Instant Gratification: “Renoir” and four other good films to watch on Netflix Instant

renoir

Pick of the week: “Renoir“: My full review is here.  The legendary painter in his late years is the subject of this French biopic, but the real star is the colors, the frame dappled with gorgeous orange and vermillion that the artist himself would have envied. Aside from the arresting visual poetry of the film, it’s otherwise an agreeable but shallow look, as the painter’s son (who will one day become “Rules of the Game” filmmaker Jean Renoir) falls for one of dad’s nude models.

Gideon’s Army” — My full review is here. This powerful and eye-opening documentary looks at our legal system, through the eyes of low-income defendants often coerced into pleading guilty to avoid losing everything they have in a protracted trial, and through the eyes of overworked public defenders facing a system stacked against them. Packed with drama and memorable characters (including a defender who has the names of the defendants in every case he’s lost tattooed on his back), this is a must-watch.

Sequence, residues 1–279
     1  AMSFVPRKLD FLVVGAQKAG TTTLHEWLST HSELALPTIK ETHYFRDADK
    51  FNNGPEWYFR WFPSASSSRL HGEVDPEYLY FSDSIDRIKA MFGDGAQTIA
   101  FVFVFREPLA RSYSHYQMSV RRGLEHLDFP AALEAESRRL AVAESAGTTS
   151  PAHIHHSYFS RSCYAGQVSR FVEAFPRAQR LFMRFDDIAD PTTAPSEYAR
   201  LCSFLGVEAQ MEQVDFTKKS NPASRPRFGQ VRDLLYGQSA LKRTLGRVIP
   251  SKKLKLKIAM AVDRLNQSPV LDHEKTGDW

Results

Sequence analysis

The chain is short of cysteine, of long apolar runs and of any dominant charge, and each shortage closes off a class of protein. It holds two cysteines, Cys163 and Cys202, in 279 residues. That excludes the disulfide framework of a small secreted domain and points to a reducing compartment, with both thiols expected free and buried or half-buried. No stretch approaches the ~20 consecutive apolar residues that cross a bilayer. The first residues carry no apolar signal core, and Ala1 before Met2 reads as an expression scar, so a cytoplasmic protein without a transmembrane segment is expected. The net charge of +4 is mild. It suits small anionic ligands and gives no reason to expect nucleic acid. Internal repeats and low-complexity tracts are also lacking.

Crimson Tide — I hope Gene Hackman is enjoying retirement and historical novel-writing, because we sure miss him at the movies. Hackman and Denzel Washington make worthy opponents in this pressure-cooker drama set aboard a sub that may (or may not) have just received orders to start World War III.

Perfect Sense” — This is one of the strangest end-of-the-world movies you’ll ever see, as humans (including lovers Ewan McGregor and Eva Green) begin losing their senses one by one. It’s very creepy to watch unfold, and yet the love story offers a glimmer of hope.

Patton” — Since Patton was larger-than-life, George C. Scott gives a larger-than-larger-than-life performance in this Oscar-winning 1970 film, begin with that incredible opening speech in front of a giant American flag.

 

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